How to Fix the Inaccessible Boot Device Error in Windows 10

From simple to complex, follow these troubleshooting steps

INACCESSIBLE_BOOT_DEVICE errors are often hard to diagnose because many problems could cause them. They usually result in a Blue Screen of Death that doesn't go away until you address the issue.

It often appears after you've made a recent change to the computer, whether software or hardware. You could also see it during a Windows installation. It usually triggers an automatic reboot and maybe even an automatic repair attempt by Windows.

The message that precedes the error often looks like this:

Your PC ran into a problem that it couldn't handle, and now it needs to restart.

Blue Screen of Death (BSOD) in Windows 10
Blue Screen of Death in Windows 10.

How to Fix the Inaccessible Boot Device Error in Windows 10

Although this is a common error, it doesn’t have a single reason behind it. There are several things you can try to get rid of it and boot back into Windows. Follow these steps in order—they’re listed here by the ease of use—and reboot after each one to check if it was successful. 

If you’re able to, boot into Safe Mode for the steps that require access to the desktop.

  1. Restart the computer. A simple reboot is sometimes all that’s necessary.

    If you can’t access a restart button on the screen due to the error, hold down the physical power button for a few seconds until it shuts down, and then press it again to power the computer back on.

  2. Undo any recent changes made to the computer. If the INACCESSIBLE_BOOT_DEVICE error appeared after an obvious change, reversing it will most likely be the fix.

    Depending on your situation, the solution might be to remove recently installed hardware, uninstall a program, roll back a driver, or unplug a new USB device.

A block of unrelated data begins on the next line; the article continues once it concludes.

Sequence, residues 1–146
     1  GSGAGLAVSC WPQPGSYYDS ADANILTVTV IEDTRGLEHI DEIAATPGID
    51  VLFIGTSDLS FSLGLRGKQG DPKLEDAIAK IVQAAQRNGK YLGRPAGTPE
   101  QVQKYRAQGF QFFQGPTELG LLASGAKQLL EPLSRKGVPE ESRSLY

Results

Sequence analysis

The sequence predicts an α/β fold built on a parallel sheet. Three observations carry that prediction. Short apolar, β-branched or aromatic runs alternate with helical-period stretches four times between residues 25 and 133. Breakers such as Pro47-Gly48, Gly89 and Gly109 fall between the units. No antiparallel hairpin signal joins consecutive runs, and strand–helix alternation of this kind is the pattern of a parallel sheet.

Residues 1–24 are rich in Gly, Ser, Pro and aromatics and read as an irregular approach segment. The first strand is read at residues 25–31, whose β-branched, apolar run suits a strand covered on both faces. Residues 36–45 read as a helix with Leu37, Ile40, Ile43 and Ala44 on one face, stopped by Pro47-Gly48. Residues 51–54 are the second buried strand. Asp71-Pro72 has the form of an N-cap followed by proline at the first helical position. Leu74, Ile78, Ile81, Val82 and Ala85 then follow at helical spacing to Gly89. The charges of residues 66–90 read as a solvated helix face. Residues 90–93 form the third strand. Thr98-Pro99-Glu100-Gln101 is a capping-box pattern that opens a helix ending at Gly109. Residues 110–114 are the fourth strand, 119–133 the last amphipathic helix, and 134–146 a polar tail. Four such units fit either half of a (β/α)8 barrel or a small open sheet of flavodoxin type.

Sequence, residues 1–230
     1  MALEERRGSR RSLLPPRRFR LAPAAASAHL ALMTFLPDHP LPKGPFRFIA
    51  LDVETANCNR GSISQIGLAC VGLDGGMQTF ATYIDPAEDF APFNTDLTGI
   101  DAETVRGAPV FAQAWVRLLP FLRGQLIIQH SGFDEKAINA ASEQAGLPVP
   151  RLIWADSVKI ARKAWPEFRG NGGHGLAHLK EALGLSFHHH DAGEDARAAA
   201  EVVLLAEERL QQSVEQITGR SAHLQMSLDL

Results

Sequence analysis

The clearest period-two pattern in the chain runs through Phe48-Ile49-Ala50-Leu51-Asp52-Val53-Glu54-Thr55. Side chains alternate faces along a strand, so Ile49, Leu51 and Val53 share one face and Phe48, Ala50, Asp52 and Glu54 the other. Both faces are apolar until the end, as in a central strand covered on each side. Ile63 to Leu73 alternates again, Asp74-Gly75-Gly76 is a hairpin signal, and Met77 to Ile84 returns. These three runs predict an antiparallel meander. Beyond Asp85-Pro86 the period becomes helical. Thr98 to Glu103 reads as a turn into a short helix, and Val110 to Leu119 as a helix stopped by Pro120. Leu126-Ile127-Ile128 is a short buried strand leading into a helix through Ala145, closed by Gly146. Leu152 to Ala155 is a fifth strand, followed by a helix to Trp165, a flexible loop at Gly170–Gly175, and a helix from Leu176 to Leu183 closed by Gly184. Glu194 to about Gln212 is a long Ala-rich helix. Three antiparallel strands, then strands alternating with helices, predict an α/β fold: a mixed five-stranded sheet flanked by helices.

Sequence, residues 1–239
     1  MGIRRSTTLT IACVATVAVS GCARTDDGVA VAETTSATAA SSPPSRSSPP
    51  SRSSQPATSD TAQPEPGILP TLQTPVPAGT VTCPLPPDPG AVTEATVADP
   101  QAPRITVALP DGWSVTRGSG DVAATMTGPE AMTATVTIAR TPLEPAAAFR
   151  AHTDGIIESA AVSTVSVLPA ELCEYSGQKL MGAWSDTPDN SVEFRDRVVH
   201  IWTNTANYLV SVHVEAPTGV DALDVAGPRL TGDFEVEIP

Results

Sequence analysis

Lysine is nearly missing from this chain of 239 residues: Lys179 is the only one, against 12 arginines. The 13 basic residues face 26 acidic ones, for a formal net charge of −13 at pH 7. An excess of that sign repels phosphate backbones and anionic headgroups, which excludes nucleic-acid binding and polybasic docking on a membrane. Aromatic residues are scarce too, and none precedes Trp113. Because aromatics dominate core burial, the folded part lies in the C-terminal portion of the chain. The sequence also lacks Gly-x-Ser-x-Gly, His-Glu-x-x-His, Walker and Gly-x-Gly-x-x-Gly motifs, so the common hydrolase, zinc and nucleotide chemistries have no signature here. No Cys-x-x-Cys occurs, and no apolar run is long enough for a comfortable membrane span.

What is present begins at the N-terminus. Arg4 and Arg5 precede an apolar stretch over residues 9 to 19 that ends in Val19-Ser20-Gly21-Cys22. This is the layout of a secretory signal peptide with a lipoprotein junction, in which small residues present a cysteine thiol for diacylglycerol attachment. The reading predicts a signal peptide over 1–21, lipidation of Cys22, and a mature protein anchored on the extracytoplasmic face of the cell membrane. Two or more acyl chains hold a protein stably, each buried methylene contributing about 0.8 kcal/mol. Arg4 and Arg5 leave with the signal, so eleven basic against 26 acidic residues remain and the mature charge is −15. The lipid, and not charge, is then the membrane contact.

If undoing the recent change resolves the error, dig into that thing specifically. For example, if your solution was to uninstall a Windows update, you might need to pause Windows Update for a while to provide time to address the problem before it gets auto-installed again.

  3. Using System Restore is another way to undo recent system changes. Try this if the previous step was unhelpful.

    You're most likely locked out of your desktop due to the error. If you can't get into Safe Mode to run System Restore, find it by booting to the Advanced Startup Options menu. The ASO menu is useful for some of the steps below, too.

    If you can't get System Restore to work, there's a step later in this guide (step 9) that could still be helpful. It walks through how to restore some Windows Registry backups.

  4. Update any missing or outdated drivers. Usually, drivers related to the hard drive that are corrupt or missing would cause the INACCESSIBLE_BOOT_DEVICE error, so looking there first would be wise.

    If you're not sure where to start, use a tool that updates the drivers for you. We highly recommend Driver Booster for this.

  5. Select Troubleshoot from the ASO menu and go to> Advanced options > Startup Repair to run an automatic repair. Sometimes, Windows will fix the BSOD error this way without much intervention from you.

    Startup Repair selected in the Advanced options screen of the ASO menu
  6. If Startup Repair didn't work, try Troubleshoot > Advanced options > System Image Recovery, also from the ASO menu. This feature will restore Windows from a system image backup (if you have one).